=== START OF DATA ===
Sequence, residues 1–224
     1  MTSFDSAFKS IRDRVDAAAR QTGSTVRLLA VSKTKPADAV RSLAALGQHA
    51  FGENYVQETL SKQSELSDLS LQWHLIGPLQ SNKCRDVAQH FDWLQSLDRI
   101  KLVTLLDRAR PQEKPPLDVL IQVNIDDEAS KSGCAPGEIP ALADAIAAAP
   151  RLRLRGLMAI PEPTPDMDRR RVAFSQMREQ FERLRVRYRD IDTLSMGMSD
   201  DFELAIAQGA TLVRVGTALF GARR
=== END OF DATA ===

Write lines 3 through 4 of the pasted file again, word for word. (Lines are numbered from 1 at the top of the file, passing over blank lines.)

    51  FGENYVQETL SKQSELSDLS LQWHLIGPLQ SNKCRDVAQH FDWLQSLDRI
   101  KLVTLLDRAR PQEKPPLDVL IQVNIDDEAS KSGCAPGEIP ALADAIAAAP